EAST ST. LOUIS — A Southern District of Illinois judge recently adopted a recommendation that requires a pay-out from the multidistrict litigation (MDL) common benefit fund for now-settled birth control product liability litigation against Bayer.
In February, special master Daniel J. Stack submitted his recommendation that the court withdraw from the case’s MDL common benefit fund to pay $358,032.14 to the Pennsylvania/New Jersey state court fund.
As part of the MDL lawsuit against Bayer for claims against its Yasmin and Yaz birth control products, which had been filed in Illinois, New Jersey, Pennsylvania and California, the court established “a common benefit fee and expense fund to provide ‘for the fair and equitable sharing among plaintiffs, and their counsel, of the burden of services performed and expenses incurred by attorneys acting for the common benefit of all plaintiffs in this complex litigation,’” Judge David Herndon wrote, quoting Stacks' report.
The Pennsylvania and New Jersey counsels requested reimbursement from the fund “for expenses incurred in their companion state court litigations (e.g. for deposition and court transcript expenses, state court document depository costs, etc.),” court documents said.
Their request hinged on two points. First, they argued that the work they had done that incurred the expenses had helped to advance the case, and second, they argued that the costs had been incurred primarily because another law firm working on the case—Lopez McHugh—had failed to execute a participation agreement. Therefore, they had been required to spend the funds “to provide Lopez McHugh with the materials needed to litigate, that would otherwise have been available to the firm had the Participation Agreement been signed.”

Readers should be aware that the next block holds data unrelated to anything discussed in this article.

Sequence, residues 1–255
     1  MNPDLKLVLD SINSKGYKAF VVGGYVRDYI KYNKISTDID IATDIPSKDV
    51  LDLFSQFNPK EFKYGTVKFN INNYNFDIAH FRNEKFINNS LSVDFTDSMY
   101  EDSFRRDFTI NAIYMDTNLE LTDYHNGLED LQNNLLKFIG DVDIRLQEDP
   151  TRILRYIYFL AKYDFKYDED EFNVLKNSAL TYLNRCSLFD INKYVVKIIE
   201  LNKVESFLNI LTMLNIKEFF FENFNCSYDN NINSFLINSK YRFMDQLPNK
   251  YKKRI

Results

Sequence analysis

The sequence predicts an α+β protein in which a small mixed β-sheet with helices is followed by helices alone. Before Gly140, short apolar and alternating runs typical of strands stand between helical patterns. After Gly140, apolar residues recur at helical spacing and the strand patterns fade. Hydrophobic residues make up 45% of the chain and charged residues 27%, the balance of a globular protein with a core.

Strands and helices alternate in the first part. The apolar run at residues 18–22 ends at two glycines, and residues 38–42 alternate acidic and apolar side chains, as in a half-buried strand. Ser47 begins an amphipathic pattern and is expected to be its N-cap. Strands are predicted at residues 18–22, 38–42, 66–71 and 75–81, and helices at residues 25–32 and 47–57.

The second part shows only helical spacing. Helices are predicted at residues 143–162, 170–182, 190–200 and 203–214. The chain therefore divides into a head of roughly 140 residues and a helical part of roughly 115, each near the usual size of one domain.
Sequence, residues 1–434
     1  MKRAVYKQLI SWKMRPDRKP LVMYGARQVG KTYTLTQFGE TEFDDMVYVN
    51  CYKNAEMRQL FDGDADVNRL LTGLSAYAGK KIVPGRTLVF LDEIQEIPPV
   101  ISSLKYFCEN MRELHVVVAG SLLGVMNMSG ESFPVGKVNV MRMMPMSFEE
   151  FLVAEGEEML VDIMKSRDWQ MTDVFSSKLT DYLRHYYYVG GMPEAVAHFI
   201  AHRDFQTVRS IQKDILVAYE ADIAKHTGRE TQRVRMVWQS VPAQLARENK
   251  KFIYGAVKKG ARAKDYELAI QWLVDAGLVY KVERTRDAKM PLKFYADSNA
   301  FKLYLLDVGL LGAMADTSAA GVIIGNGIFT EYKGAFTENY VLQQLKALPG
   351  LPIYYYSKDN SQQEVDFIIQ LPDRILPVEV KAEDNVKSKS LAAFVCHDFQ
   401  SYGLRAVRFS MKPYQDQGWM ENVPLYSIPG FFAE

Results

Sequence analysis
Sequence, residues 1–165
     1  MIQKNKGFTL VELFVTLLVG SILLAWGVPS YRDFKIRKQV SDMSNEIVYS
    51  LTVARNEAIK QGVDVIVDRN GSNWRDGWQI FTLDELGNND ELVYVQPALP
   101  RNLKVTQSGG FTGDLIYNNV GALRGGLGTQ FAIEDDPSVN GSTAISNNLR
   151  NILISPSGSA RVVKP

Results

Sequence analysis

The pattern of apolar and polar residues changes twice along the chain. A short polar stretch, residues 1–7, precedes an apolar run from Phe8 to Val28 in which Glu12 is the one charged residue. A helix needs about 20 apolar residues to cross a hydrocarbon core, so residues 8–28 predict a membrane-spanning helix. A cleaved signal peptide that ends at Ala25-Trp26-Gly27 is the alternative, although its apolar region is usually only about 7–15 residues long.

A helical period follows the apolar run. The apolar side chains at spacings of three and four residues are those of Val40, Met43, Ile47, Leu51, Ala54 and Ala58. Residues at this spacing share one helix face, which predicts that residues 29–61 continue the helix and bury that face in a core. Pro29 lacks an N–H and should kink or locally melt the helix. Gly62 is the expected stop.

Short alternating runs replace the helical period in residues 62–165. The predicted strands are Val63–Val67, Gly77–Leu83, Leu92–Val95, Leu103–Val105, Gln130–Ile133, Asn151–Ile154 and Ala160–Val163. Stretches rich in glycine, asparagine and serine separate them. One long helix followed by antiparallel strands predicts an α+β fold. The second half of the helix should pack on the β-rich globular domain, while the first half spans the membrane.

Stack’s recommendation determined that the work had not, in fact, benefited the litigation as a whole, but he recommended that the court reimburse the state court fund anyway “because the firms who timely signed the Participation Agreement ‘should not pay the price for the actions of one firm,’” Herndon wrote. Stack’s report also recommended to the court that Lopez McHugh’s $25,000 contribution to the state court fund not be reimbursed to the firm.
In response to Stack’s report, Lopez McHugh filed an objection, though not to argue for its reimbursement of its $25,000 contribution nor to suggest that the state court should not receive anything from the MDL common benefit fund. Rather, the law firm “is simply unhappy with how the Special Master reasoned his way to those conclusions and his characterization of the firm’s action as ‘gaming’ the system,” Herndon wrote.
The judge, however, felt that Stack’s was a “reasonable conclusion” and easily dismissed Lopez McHugh’s arguments and explanations otherwise. On April 8, Herndon adopted Stack’s report and recommendation over Lopez McHugh’s objections.